The DataHero Blog

The Art of Visualizing Data to Find Actionable Insights

February 26th, 2015

ACTIONABLE INSIGHTS

Charts, graphs, and other data visualizations, to be effective, should tell a story. The information relayed should give invaluable insights that will help the viewer make business decisions. Jon Steel, a leader in the account planning field, said the following of looking at and understanding data: “In the context of an advertising agency, the ability of planners to look at the same information as everyone else and see something different is invaluable. They need to be able to take information of all sorts, shuffle it around, and rearrange it in new patterns until something interesting emerges.” Not only will good data visualization convey actionable information, but it will help you to see things other people maybe can’t see.

 What can you do to get more actionable insights from your data? We’ve already talked elsewhere in our blog about comparing time ranges, looking at relationships and correlation, and looking at trends rather than at individual data points. Here we’ll talk about aesthetics, getting another set of eyes to look at the data, and why it’s a good idea to double-check your data.


Make it Look Good

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Aesthetics are important when it comes to data visualization, but this doesn’t mean that the graphs and charts need to have a ton of colors and effects. Here, we can subscribe to the old adage that “less is more.” Consider the Darkhorse Analytics gif above. The graph starts with a lot of in-your-face fluff: backgrounds and borders and redundant labels and colors and special effects—bleh. Getting rid of all the extraneous effects makes for a very clear chart with easily discernible information. DataHero produces this type of chart, the type of chart that will cut through the clutter and let you see what really matters, plain and simple.

Less may be more, but that doesn’t mean you should completely forgo any effects. Play around with one or two effects to see what best represents your data or most helps the viewer understand the data. Color, for example, can make a huge impact in a positive way—but can also be overdone. Keep your color palette simple for the best impact. Consider these two pie charts. Where does your eye go as you look at them? Instead of using 8 different colors, use 4 different colors and 4 lighter versions of those colors. The viewer’s attention will be much more easily and naturally drawn throughout the charts this way. For more tips and tricks, read our post on color here.

Color Wheel Image

Have Someone Else Take a Look

Even if you’re pretty clear on what you’re seeing, get another set of eyes to take a look at your charts and graphs; one person can’t always see everything. Maybe you’re looking at your website’s traffic on an analytics platform and are upset because it seems lower than you expected. Someone else looking at the same graph might notice that you have filtered the traffic to only show referral or organic traffic instead of all traffic, or you have only a week view selected when you meant to view an entire month or even several months worth of data.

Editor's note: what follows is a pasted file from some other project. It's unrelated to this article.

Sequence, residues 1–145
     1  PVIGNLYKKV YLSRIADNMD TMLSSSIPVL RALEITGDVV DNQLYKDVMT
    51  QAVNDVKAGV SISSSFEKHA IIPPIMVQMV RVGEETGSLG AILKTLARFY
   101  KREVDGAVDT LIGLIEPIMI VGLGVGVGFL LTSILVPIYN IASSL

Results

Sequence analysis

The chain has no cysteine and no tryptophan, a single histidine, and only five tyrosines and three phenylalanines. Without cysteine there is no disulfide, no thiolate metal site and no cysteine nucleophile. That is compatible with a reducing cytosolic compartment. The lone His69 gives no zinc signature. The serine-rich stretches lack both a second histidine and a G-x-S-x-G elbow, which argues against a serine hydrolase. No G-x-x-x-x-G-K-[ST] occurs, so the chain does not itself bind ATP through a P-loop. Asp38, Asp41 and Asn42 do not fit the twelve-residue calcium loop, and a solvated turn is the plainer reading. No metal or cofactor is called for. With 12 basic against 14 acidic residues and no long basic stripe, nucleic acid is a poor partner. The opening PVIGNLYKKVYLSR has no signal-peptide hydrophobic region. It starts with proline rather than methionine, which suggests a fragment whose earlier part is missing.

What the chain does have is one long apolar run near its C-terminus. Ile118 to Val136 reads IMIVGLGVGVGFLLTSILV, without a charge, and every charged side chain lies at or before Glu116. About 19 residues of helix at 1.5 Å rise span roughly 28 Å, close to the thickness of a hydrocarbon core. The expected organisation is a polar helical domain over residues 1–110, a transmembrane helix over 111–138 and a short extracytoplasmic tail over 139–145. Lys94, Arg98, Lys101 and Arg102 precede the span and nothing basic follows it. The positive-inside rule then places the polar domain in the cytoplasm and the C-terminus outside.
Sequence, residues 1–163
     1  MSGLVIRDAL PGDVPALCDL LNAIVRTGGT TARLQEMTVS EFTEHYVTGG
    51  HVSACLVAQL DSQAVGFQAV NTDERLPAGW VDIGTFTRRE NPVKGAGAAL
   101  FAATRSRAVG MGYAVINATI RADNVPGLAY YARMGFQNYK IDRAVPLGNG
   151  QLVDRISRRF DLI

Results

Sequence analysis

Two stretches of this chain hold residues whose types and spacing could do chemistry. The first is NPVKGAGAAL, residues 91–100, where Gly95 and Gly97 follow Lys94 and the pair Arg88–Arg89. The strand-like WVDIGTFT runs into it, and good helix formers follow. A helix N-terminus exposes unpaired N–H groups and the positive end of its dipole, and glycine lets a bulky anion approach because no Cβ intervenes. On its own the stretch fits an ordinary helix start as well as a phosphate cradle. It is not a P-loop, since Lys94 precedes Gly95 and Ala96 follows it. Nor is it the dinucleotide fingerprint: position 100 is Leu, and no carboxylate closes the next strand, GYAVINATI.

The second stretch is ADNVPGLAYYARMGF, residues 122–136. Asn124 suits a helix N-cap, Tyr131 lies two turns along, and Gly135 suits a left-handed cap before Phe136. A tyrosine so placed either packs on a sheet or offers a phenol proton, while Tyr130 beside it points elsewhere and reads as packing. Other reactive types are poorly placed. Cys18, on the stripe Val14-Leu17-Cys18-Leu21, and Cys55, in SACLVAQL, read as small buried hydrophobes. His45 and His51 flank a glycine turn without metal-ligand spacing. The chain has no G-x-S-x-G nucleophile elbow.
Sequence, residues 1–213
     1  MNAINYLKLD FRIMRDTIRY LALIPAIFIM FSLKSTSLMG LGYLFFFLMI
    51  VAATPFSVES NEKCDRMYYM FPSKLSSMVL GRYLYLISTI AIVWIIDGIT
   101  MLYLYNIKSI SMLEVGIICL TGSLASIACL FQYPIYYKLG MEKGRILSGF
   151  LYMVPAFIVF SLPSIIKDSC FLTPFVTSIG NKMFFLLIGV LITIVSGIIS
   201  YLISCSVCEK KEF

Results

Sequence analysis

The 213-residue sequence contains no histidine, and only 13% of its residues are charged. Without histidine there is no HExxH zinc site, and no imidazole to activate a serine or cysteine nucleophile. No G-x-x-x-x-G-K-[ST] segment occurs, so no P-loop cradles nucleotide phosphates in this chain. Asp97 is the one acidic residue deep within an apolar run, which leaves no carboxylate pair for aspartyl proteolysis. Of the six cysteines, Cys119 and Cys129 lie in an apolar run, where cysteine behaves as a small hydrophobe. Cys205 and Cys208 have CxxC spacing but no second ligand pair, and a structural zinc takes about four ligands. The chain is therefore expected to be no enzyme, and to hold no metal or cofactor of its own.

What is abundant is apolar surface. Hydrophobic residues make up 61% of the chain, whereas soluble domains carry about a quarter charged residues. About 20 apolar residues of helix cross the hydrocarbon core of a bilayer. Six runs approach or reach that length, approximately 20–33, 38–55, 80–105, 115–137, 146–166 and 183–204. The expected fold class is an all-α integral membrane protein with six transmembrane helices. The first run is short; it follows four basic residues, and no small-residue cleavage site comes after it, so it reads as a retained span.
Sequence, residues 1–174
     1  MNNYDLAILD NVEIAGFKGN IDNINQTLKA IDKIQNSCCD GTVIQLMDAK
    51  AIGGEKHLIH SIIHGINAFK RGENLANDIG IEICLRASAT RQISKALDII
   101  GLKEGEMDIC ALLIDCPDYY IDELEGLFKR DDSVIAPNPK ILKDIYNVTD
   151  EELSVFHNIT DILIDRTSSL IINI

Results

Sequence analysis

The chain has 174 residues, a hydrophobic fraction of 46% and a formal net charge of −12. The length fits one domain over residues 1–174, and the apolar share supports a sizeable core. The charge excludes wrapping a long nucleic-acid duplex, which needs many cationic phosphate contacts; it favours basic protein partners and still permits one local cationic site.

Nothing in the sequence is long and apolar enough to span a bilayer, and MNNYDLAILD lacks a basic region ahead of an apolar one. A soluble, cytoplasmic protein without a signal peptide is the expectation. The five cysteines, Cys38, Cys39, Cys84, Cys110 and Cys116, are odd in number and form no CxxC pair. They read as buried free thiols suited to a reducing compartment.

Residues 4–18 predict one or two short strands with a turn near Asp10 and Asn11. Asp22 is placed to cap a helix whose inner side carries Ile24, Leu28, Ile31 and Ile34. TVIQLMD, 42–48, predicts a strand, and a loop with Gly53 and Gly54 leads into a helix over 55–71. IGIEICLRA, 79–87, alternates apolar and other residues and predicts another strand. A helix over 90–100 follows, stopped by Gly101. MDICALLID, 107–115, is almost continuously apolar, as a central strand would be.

Interdepartmental communication may come into play here. Maybe you aren’t sure that event goals in your analytics are set up correctly. If the data doesn’t look right and fixing it might be over your head, reach out to IT or the DEV team to make sure things are set up correctly. You’ll get clean and clear insights as to what your data is saying.

Double-Check Your Data

Be skeptical with your data. Question what you’re seeing and look at it in as many different ways as possible to make sure you are understanding it correctly and interpreting it how someone else might see it. You don’t want to unintentionally mislead anyone, and you certainly don’t want to intentionally deceive. Consider this article presented by Forbes. The author presents several different circumstances that could result in misrepresentation of the data. These include creating bar charts without a zero, using evenly spaced tick marks to represent uneven intervals, creating graphs not drawn to scale and using area or volume for changes in one dimension. Be careful to look for these things when analyzing charts of data and take care to not replicate them when creating your own charts.

graph

Take a look at the graph above. After a minute or so of studying the graph, you will probably find that the bars start at $55 billion instead of at zero. This small detail actually changes significantly how you perceive the information. The second bar is twice as tall as the first bar which would indicate that it is twice as much, but the reality is that it is actually just an increase from $60 billion to $66.2 billion. The value in having a graph like this is that you can get information visually, and misrepresenting the data like this greatly devalues the graph and a main reason for having it.


There’s a lot you can do with visualizing data, but the real artistry comes in displaying it in such a way that brilliant, actionable insights emerge where they weren’t previously visible. DataHero works with your data to make it visually appealing, understandable, and easy to check for accuracy. Have DataHero help you create data visualizations like this and your data will speak to you.

By Paxton Gray

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